By Brandon Niles Explorebigsky.com Sports Columnist

Once again, it’s that special time of year when fans gear up for what has become the biggest sporting event in the country. The Super Bowl this year brings a fresh look at the dominant teams in the NFL. The much-heralded Packers, Patriots, and Broncos couldn’t get it done in the playoffs. Instead, the Baltimore Ravens and San Francisco 49ers will be the two sides vying for the Lombardi Trophy this year.

The Ravens and 49ers bring with them several interesting storylines. First, Ravens head coach John Harbaugh is the older brother of 49ers head coach Jim Harbaugh. Both have experienced tremendous success in their positions, not once missing the playoffs in a combined seven seasons. These two almost met in the Super Bowl last year, each team losing in their Conference Championship game in the 2011 playoffs.

Beyond the coaching connection, the quarterbacks represent two starkly contrasting styles and personas. Young and exciting second year player, Colin Kaepernick of the 49ers, represents a new wave of NFL quarterbacks. Kaepernick has a tremendous arm, but is also a dynamic runner operating in a non-traditional offensive system. The 49ers use a lot of read option sets in order to maximize their versatile quarterback’s talents. Should the 49ers prevail, their victory will in many ways legitimize this style of play as a system that can win in the NFL.

Meanwhile, Ravens quarterback Joe Flacco couldn’t possibly be more traditional a passer. An old-fashioned drop back player, standing tall in the pocket with a rocket arm, Flacco has made many teams suffer from his deep accuracy and his tremendous arm strength. While Flacco has never been known for his consistency, his ability to deliver in clutch situations has become increasingly evident during this season’s playoffs. Flacco is out to prove he has the ability to lead the Ravens to a Super Bowl.

Outside of the quarterback position, these two teams actually share a lot in common. Both are organizations that have built their rosters primarily through the draft, have excellent offensive lines and running games, and are backed by a stout defense. In fact, the Ravens and 49ers in many ways are everything that the new NFL is not. While both have offenses that can be productive, neither is as prolific as other teams often considered elite, such as New England and Green Bay. These two teams have shown that a strong running game and a good defense can still be an effective formula for success in the modern NFL.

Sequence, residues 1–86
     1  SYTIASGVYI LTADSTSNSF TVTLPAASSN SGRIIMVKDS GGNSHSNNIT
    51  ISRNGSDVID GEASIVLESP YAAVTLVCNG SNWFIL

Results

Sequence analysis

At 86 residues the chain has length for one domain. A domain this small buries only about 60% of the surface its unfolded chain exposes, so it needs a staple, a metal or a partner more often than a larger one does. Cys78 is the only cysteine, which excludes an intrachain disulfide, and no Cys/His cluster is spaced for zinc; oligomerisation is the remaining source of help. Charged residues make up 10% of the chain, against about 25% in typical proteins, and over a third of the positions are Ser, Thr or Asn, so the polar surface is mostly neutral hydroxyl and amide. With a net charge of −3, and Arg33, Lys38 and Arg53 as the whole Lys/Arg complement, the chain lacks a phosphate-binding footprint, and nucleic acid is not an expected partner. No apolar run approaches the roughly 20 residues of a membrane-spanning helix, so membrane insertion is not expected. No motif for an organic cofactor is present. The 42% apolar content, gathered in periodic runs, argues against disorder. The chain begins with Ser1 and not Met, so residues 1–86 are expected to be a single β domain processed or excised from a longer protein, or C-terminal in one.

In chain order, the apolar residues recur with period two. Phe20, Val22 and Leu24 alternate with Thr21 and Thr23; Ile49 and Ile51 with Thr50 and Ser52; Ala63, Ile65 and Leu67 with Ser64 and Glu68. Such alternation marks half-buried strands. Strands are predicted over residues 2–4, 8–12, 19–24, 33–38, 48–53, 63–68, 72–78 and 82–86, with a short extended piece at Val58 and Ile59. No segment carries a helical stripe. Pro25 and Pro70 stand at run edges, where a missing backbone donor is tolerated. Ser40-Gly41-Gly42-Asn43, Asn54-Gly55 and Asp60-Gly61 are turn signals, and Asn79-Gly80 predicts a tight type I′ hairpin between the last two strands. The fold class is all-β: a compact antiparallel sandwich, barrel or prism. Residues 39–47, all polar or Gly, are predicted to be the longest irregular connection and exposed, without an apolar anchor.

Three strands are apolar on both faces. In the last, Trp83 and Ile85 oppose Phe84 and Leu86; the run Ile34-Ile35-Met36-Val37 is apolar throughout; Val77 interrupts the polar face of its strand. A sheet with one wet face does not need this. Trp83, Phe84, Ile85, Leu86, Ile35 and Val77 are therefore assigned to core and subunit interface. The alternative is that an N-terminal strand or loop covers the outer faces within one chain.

The fact that these are two teams that haven’t been to the Super Bowl in a while (Baltimore, 2001; San Francisco, 1995) is exciting to see for fans, especially since this is the first Super Bowl since 2003 that does not feature a Manning, Brady or Roethlisberger. Additionally, the coaching connection, Ray Lewis’ last game as a pro, and all that is at stake for the quarterbacks should make for interesting sub plots in the game.

For the game itself, expect the Ravens to come in prepared for the 49ers offensive scheme after seeing Green Bay fail miserably to contain it three weeks ago. The Ravens have a savvy veteran defense that can contain the edges and use good gap discipline that should help keep Colin Kaepernick and running back Frank Gore in check. The 49ers will need to throw the ball outside and avoid turning the ball over if they are going to win this game.

The 49ers defense will need to take away the deep ball from a Ravens team that has been lethal throwing downfield, and they’ll also need to get pressure on Flacco, who’s had plenty of time in the pocket throughout the playoffs thus far. The 49ers have the personnel to do just that, and will also need linebackers Navorro Bowman and Patrick Willis to remain disciplined enough to stop Ravens running back Ray Rice.

All in all, I think the Ravens do enough on offense to put up 24 points, and I think the Ravens defense should be able to keep the 49ers from matching their point total. I think 24 is the magic number in this game, and holding Colin Kaepernick and the 49ers offense to 20 points seems like a realistic goal.

Final prediction: Ravens over 49ers, 24-20 in a great game.